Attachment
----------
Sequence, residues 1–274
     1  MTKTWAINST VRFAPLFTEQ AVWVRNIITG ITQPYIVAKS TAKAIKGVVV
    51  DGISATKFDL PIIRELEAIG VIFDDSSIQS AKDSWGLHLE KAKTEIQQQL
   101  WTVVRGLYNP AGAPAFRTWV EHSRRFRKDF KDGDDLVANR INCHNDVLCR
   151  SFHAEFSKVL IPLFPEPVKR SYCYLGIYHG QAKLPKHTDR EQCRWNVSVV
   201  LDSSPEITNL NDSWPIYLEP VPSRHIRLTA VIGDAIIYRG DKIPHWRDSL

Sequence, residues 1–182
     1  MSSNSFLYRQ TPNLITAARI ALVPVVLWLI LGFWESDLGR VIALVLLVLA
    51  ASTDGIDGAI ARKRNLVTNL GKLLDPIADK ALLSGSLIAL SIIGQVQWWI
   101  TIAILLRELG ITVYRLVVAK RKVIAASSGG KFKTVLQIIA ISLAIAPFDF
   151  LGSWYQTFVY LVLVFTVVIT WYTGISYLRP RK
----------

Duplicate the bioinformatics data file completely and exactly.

Sequence, residues 1–274
     1  MTKTWAINST VRFAPLFTEQ AVWVRNIITG ITQPYIVAKS TAKAIKGVVV
    51  DGISATKFDL PIIRELEAIG VIFDDSSIQS AKDSWGLHLE KAKTEIQQQL
   101  WTVVRGLYNP AGAPAFRTWV EHSRRFRKDF KDGDDLVANR INCHNDVLCR
   151  SFHAEFSKVL IPLFPEPVKR SYCYLGIYHG QAKLPKHTDR EQCRWNVSVV
   201  LDSSPEITNL NDSWPIYLEP VPSRHIRLTA VIGDAIIYRG DKIPHWRDSL

Sequence, residues 1–182
     1  MSSNSFLYRQ TPNLITAARI ALVPVVLWLI LGFWESDLGR VIALVLLVLA
    51  ASTDGIDGAI ARKRNLVTNL GKLLDPIADK ALLSGSLIAL SIIGQVQWWI
   101  TIAILLRELG ITVYRLVVAK RKVIAASSGG KFKTVLQIIA ISLAIAPFDF
   151  LGSWYQTFVY LVLVFTVVIT WYTGISYLRP RK